Iniparib May Be Effective as Salvage Therapy for Metastatic Triple-Negative Breast ​Cancer

Share this content:
Iniparib plus gemcitabine and carboplatin did not meet criteria for the primary endpoints of survival.
Iniparib plus gemcitabine and carboplatin did not meet criteria for the primary endpoints of survival.

According to a new study published online ahead of print in the Journal of Clinical Oncology, researchers have found that iniparib plus gemcitabine and carboplatin did not meet prespecified criteria for the primary endpoints of progression-free survival and overall survival in patients with metastatic triple-negative breast cancer.

For this phase 3, multicenter, open-label study, researchers randomly assigned 519 women with stage 4 or locally recurrent triple-negative breast cancer to receive gemcitabine plus carboplatin or the same chemotherapy regimen in addition to iniparib.

Of the patients that received the three-drug combination, 65% were 50 years of age or older, 98% had an Eastern Cooperative Oncology Group performance status of 0 or 1, 89% had received prior chemotherapy, and 57% were receiving this treatment as first-line therapy.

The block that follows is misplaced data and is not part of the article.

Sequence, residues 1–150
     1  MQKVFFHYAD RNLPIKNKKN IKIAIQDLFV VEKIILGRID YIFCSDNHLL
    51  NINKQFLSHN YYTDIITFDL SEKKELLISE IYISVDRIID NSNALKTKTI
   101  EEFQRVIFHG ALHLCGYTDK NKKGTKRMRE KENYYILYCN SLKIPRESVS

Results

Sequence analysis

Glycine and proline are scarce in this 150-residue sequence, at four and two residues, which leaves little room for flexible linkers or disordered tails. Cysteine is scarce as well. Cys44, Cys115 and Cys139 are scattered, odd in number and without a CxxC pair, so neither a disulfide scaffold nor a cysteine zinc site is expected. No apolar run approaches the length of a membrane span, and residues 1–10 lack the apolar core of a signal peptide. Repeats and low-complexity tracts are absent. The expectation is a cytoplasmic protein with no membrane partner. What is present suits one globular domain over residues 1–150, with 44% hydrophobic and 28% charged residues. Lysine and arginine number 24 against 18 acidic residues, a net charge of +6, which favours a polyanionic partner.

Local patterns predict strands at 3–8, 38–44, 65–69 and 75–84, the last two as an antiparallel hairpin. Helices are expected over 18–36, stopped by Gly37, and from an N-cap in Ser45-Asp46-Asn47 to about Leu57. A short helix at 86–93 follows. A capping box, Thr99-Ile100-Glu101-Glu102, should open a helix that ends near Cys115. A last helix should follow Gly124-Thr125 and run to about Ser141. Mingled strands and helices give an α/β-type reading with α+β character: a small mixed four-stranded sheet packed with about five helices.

Patients received gemcitabine 1,000 mg/m2 and carboplatin area under the curve 2 on days 1 and 8, and patients in the three-drug group also received iniparib 5.6 mg/kg on days 1, 4, 8, and 11. Cycles were repeated every 3 weeks.1

Results showed no statistically significant difference for overall survival (hazard ratio [HR]=0.88; 95% confidence interval [CI], 0.69, 1.12; P =0.28) or progression-free survival (HR=0.79; 95% CI, 0.65,0.98; P=0.98) between both groups.

RELATED: Breast Cancer (Recurrent or Metastatic) Treatment Regimens

The researchers performed an exploratory analysis and found that patients receiving iniparib plus gemcitabine and carboplatin had improved overall survival (HR=0.65; 95% CI, 0.46,0.91) or progression-free survival (HR=0.68; 95% CI, 0.50,0.92) compared with those who received gemcitabine and carboplatin only.

The most common adverse effects in both groups were fatigue, nausea, constipation, vomiting, headache, and dyspnea. Incidence rates were similar among both groups.

Page 1 of 2

Related Resources

You must be a registered member of Cancer Therapy Advisor to post a comment.

Sign Up for Free e-newsletters



Regimen and Drug Listings

GET FULL LISTINGS OF TREATMENT Regimens and Drug INFORMATION

Bone Cancer Regimens Drugs
Brain Cancer Regimens Drugs
Breast Cancer Regimens Drugs
Endocrine Cancer Regimens Drugs
Gastrointestinal Cancer Regimens Drugs
Gynecologic Cancer Regimens Drugs
Head and Neck Cancer Regimens Drugs
Hematologic Cancer Regimens Drugs
Lung Cancer Regimens Drugs
Other Cancers Regimens
Prostate Cancer Regimens Drugs
Rare Cancers Regimens
Renal Cell Carcinoma Regimens Drugs
Skin Cancer Regimens Drugs
Urologic Cancers Regimens Drugs